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Waverley Council's Refugee Week: Dr Sev Ozdowski (2002)

Rights Rights and Freedoms

Waverley Council's Refugee
Week

Speech by Dr Sev Ozdowski,
Human Rights Commissioner at the Waverley Library Theatrette, 9 October
2002

Acknowledgements

It is my pleasure
to acknowledge the presence of Cr Paul Pearce, Mayor of Waverley, Councillors
and staff of the Waverley Council, Mr Howard Glenn, National Director
of Australians for Just Refugee Programs, our excellent performers and
last but not least volunteers who have made tonight's celebrations possible.
Ladies and Gentleman, all.

Firstly, I would
like to acknowledge the Dharawal people who are the traditional
owners of this land and a timely reminder that we are all immigrants to
this vast continent. Thank you also to Mrs Norma Simms for the welcome
to the Land.

Introduction

Because of my work
on the National Inquiry into Children in Immigration Detention involving
follow-up visits to all the immigration detention facilities, I have been
able to give a lot of thought to the many issues involved and consequently
develop some key principles which I think should apply.

In the interests
of furthering informed discussion on this topic, I am taking advantage
of all appropriate forums to develop my arguments in the hope that in
time a sufficient number of Australians will re-examine their attitudes
to refugees and ultimately encourage all sides of politics to substantially
amend the current policy settings.

Current Policy

Australia maintains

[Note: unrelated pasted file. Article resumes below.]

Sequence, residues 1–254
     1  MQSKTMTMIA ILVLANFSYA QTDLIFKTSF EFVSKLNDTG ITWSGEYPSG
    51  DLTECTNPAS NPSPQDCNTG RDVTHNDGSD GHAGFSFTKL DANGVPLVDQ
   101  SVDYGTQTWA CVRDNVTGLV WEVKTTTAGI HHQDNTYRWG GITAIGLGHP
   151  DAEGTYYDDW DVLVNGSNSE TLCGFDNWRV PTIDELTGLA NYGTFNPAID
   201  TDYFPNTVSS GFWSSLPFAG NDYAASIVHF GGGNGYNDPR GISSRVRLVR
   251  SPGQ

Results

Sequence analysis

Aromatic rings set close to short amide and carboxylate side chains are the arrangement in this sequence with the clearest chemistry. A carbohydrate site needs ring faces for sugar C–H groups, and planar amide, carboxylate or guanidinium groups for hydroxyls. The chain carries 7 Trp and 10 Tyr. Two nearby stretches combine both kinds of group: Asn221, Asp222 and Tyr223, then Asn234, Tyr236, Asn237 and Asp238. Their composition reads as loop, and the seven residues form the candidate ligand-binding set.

a mandatory detention policy for most asylum seekers.

This requires that
all those who come to oheir country of origin. In the case of people who
land on the excised territories of any of the Christmas, Cocos or Cartier
Islands or Ashmore Reef, they are removed to Papua New Guinea or Nauru
under the colloquially named "Pacific Solution".

In contrast, this
mandatory detention policy does not apply to people who are already in
Australia and who have applied for asylum. That means that they do not
have to face detention while awaiting a decision on their refugee status.

Most of these people
who come to our shores without authorisation see themselves as refugees
and are seeking asylum in Australia, for example people from Iraq, Iran
or Afghanistan.

A substantial proportion
of them will subsequently satisfy Australia's refugee assessment criteria,
thereby engaging our protection obligations as behoves a signatory to
the 1951 Convention and 1967 Protocol relating to the Status of Refugees.
In fact, for example, some 70% of unauthorised and about 53% of the "Pacific
solution" arrivals are recognised as refugees. In contrast, only
15% of applications from people already in Australia are gaining such
accreditation. The first point to be made about this situation is that
asylum seekers who arrive in this unauthorised fashion have not committed
any crime under Australian domestic law. It is rather like somebody escaping
a bushfire and parking in an unauthorised parking place. In fact the Director-General
of ASIO recently stated that out of 6,000 boat people vetted by ASIO in
the last few years none were identified as a threat to the security of
Australia.

The second point
is that under our Migration Act, asylum seekers who arrive "unauthorised"
must be detained pending resolution of their refugee status.

What is the Rationale for
Mandatory Detention?

The key purpose is
to undertake rudimentary health, identity, security and refugee status
backgrounding checks. An initial period of mandatory detention, thereby
enabling these checks to occur, is reasonable.

In this respect I
would adopt the Swedish model which similarly imposes mandatory detention
on all unauthorised arrivals, but completes first phase processing in
a matter of weeks if not days. Swedish immigration authorities then permit
supervised release into the general community pending final determination
of refugee status. This is also acceptable, in my view.

In contrast, the
current Australian law requires verification and adjudication finalisation
of all aspects of an asylum seeker's application within detention. This
is a process that takes months on average and in some cases years. A recent
case involved a child being held for more than 5 years in detention before
his claims were recognized.

Judicial Review